Devin Doyle of Newport Beach is the owner of several small businesses dealing with equipment, land management and fire safety. In the following article, Devin Doyle discusses planning and protection strategies for businesses in wildfire prone areas.
Until a wildfire strikes, business owners across the country forget that such disasters are a part of the USA’s ecosystem. But with the National Interagency Fire Center stating 43,244 wildfires have ravaged 2,197,812 acres of the country since January 2023, companies in vulnerable areas need to prepare and protect for these otherwise-ruthless flames.
Fierce winds, ignition sources, dry vegetation, and lack of spread-mitigating measures in place fuel wildfires, so a plethora of industry moguls have outlined the best ways for businesses to stay safe and prevent destruction below.
Devin Doyle Explains Defensible Space Creation
Defensible space, otherwise dubbed “buffer zones” by professionals, refers to the space surrounding a brick-and-mortar business that can stop the advancement of wildfires if landscaped and maintained sufficiently.
Devin Doyle of Newport Beach notes that industry participants speak on each zone in the following:
Zone One: Immediate
Extending zero to five feet from the building, the initial buffer defends against direct flame contact. Preparedness professionals note trees and shrubs should be avoided here. Adding gravel or installing other noncombustible materials is a better solution.
Zone Two: Intermediate
Devin Doyle of Newport Beach says that this zone encompasses five to 30 feet from the building or property line, necessitating careful vegetation management to prevent flames from licking into the crown or canopies of trees and spreading to the building.
While experts say trees can exist in this area, they must be properly spaced out, meticulously maintained, and combined with hard surfaces, like concrete sidewalks.
Zone Three: Extended
Covering 30 to 100 feet from the building or property line, this buffer zone is responsible for reducing the energy of a forthcoming wildfire. Brush and trees require spacing in a format that forces tree-crown-based fire to fall.
Vegetative Fuel and Combustible Reduction
Devin Doyle of Newport Beach also notes that dry vegetation fuels the flames. And while plants shouldn’t be within zero to five feet of businesses, as outlined above, the aesthetic appeal is too tempting for many companies. Thus, the shrub characteristics that owners should look out for when purchasing foliage:
- High moisture content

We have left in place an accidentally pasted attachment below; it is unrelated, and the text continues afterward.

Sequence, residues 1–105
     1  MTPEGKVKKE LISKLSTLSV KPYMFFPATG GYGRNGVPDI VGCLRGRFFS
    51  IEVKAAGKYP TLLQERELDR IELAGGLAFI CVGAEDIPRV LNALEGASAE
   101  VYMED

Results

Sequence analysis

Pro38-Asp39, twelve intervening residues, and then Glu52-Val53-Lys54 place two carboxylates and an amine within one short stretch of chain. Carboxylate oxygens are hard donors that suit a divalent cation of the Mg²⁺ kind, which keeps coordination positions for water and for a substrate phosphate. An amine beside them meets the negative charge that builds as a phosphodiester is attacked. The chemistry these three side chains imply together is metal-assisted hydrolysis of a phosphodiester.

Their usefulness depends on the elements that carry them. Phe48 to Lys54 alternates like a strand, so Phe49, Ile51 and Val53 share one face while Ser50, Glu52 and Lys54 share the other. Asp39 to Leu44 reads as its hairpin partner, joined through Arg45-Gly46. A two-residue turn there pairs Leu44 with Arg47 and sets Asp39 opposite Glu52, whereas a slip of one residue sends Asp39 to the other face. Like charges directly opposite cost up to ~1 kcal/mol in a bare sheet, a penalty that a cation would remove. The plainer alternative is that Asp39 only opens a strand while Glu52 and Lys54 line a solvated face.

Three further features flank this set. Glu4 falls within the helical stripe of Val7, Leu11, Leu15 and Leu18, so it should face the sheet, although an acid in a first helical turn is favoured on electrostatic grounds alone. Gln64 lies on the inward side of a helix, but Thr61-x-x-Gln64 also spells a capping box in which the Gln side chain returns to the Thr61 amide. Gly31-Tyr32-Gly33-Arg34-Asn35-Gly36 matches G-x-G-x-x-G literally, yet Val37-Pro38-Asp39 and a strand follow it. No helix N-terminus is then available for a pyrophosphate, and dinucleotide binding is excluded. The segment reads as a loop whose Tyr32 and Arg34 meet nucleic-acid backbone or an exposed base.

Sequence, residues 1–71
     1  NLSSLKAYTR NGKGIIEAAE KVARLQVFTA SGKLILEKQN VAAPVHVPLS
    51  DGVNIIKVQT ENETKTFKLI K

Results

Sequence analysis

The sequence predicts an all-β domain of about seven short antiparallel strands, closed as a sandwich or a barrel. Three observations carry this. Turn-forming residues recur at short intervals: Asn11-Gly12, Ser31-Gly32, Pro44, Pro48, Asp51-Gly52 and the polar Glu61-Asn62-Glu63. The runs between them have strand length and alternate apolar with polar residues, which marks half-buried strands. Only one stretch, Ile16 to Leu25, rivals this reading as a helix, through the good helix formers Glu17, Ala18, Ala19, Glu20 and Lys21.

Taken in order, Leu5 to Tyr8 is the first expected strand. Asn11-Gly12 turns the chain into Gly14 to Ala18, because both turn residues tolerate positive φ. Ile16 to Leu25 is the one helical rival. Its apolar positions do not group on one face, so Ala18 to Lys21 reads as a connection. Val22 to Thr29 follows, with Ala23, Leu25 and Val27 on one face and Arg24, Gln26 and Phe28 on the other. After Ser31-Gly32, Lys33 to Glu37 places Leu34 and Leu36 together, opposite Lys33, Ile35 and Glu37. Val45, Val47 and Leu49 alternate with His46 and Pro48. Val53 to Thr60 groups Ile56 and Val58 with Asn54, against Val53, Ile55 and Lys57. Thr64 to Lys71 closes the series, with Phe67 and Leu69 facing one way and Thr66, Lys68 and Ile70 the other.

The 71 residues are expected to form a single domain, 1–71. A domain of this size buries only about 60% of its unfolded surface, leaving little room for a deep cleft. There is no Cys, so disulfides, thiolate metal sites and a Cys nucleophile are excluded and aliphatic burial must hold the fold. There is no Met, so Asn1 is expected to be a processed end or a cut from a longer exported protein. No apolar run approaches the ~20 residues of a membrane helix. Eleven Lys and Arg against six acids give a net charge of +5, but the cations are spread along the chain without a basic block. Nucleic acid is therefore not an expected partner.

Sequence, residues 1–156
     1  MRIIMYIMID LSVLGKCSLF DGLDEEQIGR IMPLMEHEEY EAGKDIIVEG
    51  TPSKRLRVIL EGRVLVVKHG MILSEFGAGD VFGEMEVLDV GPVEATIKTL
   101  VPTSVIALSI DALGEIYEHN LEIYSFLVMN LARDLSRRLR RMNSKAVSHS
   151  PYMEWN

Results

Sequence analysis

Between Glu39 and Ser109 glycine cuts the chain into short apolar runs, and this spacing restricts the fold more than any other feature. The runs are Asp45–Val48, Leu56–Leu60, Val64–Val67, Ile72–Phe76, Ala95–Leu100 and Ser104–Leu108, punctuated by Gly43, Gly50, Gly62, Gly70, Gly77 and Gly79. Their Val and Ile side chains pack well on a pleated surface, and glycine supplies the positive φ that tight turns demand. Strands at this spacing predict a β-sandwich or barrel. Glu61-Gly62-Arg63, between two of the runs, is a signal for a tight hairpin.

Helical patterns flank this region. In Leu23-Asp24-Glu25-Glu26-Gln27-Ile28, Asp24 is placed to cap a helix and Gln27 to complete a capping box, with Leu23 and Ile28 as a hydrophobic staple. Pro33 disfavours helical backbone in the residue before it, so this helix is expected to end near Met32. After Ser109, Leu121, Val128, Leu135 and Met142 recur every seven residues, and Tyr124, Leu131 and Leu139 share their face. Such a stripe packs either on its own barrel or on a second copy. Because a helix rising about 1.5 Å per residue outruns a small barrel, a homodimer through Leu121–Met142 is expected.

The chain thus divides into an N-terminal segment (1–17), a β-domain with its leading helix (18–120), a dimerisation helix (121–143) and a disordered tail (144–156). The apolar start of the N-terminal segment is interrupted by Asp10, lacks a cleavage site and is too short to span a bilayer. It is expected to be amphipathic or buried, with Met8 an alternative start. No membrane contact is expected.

- Low resin or oil content
- Deep roots
- Thick, heavy leaves
- Minimal dead vegetation production
Going a few steps further, businesses must formulate a vegetation maintenance plan to ensure buffer zones are free from dead, dry matter at all times. The plan should include:
- Location of building(s)
- Environmental concerns (e.g., endangered species, state-listed wetlands or species)
- Details on the development and maintenance of defensible space
- Fuel treatment details (e.g., thinning, prescribed burning)
Devin Doyle of Newport Beach says that business owners must consult qualified foresters, natural resource specialists, or range managers for a properly detailed and executed vegetation maintenance plan.
Class A Roof and Commercial Sprinkler Installation
Roofs are critical safeguards against wildfires — particularly airborne burning embers. Steep- and low-slope variants are rated from Class A to C, depending on fire resistance. The former offers the best protection.
Company buildings in vulnerable locations with unrated roofs (i.e., those made of wood or other materials) should consider re-roofing with Class A materials, such as low-sloped, stone-ballasted, single-ply models. Steep-sloped roofs made with concrete and slate, clay, asphalt shingles, or metal are also common.
Devin Doyle of Newport Beach says that professionals urge business owners not to forgo installing commercial sprinkler systems; they’re a crucial line of defense that minimizes property damage and saves lives by stopping flames in their tracks. Consisting of water-filled pipes in the ceiling, each sprinkler is designed to detect fires and automatically trigger showers to prevent the spread.
Disaster Recovery Plan Development
Devin Doyle of Newport Beach also notes that proper fire mitigation strategies and designated buffer zones considerably limits the risk of facility devastation. However, wildfires can never be fully prevented. Therefore, companies should have a plan for rapid recovery to hand. According to the brains at AREPA, the plan should make certain that employees:
- Never enter the building until it’s deemed safe to do so. Before anybody re-enters the building, compromised power lines must be checked and everybody should don PPE (e.g., N95 masks, goggles, hard hats, and gloves).
- Verify all equipment is shut down.
- Contact facility cleaning and decontamination partners immediately.
- Air the building out to remove soot and smoke.
- Clean the exterior of all soot- and ash-drenched equipment. Typically, buildings require complete decontamination, but removing such items from the outside can prevent further damage.
In conclusion, wildfire preparedness is the key to reducing the destruction of life, limb, and livelihood.